BERLIN — An alliance of Tunisian workers, employers, lawyers and activists won the Nobel Peace Prize on Friday, a decision meant to honor the quest for democracy in the nation that gave birth to the Arab Spring as well as urge it on at a time when its still-tenuous gains are increasingly under threat.
The quartet of groups, including a labor union with about 1 million members, has worked to advance democracy in Tunisia, which still struggles with unrest but has made relative strides toward reforms even as other Arab Spring nations face greater violence, instability and the reemergence of dictatorships.
During critical junctures in 2013 and 2014, the civil society groups provided a vital bridge for dialogue and political compromises between the Islamists then in government and Tunisia’s opposition and secular movements. The opened channels helped ease the deep polarization and mistrust that have torn apart other nations in the aftermath of the Arab Spring upheavals.
More broadly, the award was aimed at supporting the nation where the Arab uprisings began after street vendor Mohammed Bouazizi immolated himself Dec. 17, 2010, to protest official repression and corruption. The fragility of the progress made in Tunisia was highlighted as recently as Thursday, following the attempted assassination of a leading secular politician. The largest source of foreign fighters joining the Islamic State, Tunisia is also in the midst of a crackdown on extremists that critics fear could fail to quell mounting violence or overreach and undermine hard-won civil rights.
“More than anything, the prize is intended as encouragement for the Tunisian people who have laid the groundwork for a national fraternity which the committee hopes will be followed by other countries,” the Nobel committee said.
The National Dialogue Quartet — including the Tunisian General Labor Union (Houcine Abbassi, secretary general), the Tunisian Confederation of Industry, Trade and Handicrafts (Wided Bouchamaoui, president), the Tunisian Human Rights League (Abdessattar ben Moussa, president) and the Tunisian Order of Lawyers (Fadhel Mahfoudh, president) — has made a “decisive contribution to the building of a pluralistic democracy in Tunisia in the wake of the Jasmine Revolution of 2011,” the committee said.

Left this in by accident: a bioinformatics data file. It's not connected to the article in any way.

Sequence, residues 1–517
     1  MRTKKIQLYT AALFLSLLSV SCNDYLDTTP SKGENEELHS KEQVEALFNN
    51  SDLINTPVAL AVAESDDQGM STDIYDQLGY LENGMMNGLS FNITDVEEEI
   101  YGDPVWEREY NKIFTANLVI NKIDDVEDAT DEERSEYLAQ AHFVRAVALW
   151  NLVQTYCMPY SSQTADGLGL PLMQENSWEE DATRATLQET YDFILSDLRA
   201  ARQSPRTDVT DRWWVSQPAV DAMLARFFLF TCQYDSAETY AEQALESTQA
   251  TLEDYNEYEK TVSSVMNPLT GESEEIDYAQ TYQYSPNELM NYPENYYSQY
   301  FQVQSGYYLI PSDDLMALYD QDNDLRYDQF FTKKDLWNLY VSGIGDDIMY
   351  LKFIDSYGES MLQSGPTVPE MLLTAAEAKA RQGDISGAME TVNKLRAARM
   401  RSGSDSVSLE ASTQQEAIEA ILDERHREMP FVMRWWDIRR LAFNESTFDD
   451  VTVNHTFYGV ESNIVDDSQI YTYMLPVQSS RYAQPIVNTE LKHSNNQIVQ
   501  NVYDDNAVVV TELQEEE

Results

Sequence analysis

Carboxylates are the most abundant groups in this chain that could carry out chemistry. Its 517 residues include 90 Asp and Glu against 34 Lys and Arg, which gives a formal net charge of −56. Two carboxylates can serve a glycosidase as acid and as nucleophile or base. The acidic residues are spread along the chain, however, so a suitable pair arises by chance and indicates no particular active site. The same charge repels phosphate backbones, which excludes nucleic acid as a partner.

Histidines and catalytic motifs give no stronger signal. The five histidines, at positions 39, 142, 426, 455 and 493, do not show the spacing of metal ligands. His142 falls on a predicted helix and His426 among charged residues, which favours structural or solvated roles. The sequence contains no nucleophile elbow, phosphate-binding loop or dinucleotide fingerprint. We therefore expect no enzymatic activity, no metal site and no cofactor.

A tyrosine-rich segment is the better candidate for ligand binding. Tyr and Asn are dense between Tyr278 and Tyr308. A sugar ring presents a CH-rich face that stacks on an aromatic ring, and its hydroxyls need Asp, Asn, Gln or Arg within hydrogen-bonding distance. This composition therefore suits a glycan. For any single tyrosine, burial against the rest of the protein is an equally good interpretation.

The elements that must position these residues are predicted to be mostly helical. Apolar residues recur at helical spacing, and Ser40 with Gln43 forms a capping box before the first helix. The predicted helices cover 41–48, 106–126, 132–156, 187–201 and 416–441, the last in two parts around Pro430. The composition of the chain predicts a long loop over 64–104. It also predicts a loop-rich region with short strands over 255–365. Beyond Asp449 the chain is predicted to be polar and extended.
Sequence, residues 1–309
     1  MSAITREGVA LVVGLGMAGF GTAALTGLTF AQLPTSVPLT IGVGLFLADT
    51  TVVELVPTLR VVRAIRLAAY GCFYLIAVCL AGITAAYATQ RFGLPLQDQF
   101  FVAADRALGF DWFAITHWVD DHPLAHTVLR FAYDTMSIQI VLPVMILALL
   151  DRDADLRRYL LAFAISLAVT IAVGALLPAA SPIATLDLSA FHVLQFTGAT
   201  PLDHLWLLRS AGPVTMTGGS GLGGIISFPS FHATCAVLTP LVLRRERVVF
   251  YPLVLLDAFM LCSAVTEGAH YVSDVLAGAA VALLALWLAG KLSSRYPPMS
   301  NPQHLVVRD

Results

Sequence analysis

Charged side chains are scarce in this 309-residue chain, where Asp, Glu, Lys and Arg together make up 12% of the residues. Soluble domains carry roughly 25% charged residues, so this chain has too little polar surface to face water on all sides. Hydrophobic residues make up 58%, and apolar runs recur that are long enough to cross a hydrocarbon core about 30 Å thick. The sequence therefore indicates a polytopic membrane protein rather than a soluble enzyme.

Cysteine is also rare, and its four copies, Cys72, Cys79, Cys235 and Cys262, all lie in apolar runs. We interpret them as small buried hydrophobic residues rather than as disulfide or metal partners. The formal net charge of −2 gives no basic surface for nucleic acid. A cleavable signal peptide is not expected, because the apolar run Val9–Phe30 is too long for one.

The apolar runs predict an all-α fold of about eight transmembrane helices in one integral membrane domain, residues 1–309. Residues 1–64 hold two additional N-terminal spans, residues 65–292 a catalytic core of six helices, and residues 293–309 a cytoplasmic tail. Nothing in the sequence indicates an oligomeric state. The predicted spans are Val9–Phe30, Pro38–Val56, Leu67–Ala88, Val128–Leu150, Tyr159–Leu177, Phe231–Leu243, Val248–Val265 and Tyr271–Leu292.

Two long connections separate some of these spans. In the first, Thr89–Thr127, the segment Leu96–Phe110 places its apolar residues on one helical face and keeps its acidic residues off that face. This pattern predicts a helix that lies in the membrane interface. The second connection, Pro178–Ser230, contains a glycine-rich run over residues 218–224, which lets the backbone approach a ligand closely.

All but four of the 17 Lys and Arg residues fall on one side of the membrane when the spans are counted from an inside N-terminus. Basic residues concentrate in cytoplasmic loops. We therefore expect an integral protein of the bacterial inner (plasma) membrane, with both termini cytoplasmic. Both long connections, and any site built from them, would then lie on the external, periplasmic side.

Tunisian President Beji Caid Essebsi hailed the award as a sign of hope at a time when Tunisians needed it most. “I know the situation is currently very difficult in Tunisia,” he said in a video posted on Facebook. “And despite all the rumors circulating about yesterday’s incident [the attempted assassination], we have received happy news. Not everything is dark and grim.”
Following the fall of President Zine el-Abidine Ben Ali in 2011, Tunisia’s democracy has emerged as the strongest in the Arab world, even as it confronts still-deep divisions and challenges. After a dialogue between Islamist and secular lawmakers, Tunisia last year passed a constitution seen as one of the region’s most liberal, winning praise from human rights groups. Last year, Tunisia also held its first democratic presidential elections, voting in Caid Essebsi, who served under the repressive regime of former president Habib Bourguiba.
“I am astonished,” a breathless Ali Zeddini, vice president of the Tunisian Human Rights League, told The Washington Post. “I am so happy. There are calls coming in from all over the world. I can barely believe this is happening,”
But he acknowledged that the decision comes “at a time of great stress and tension in Tunisia.”
“It has reminded us of our accomplishments and places great responsibility on us to maintain peace and our democracy through dialogue,” he said.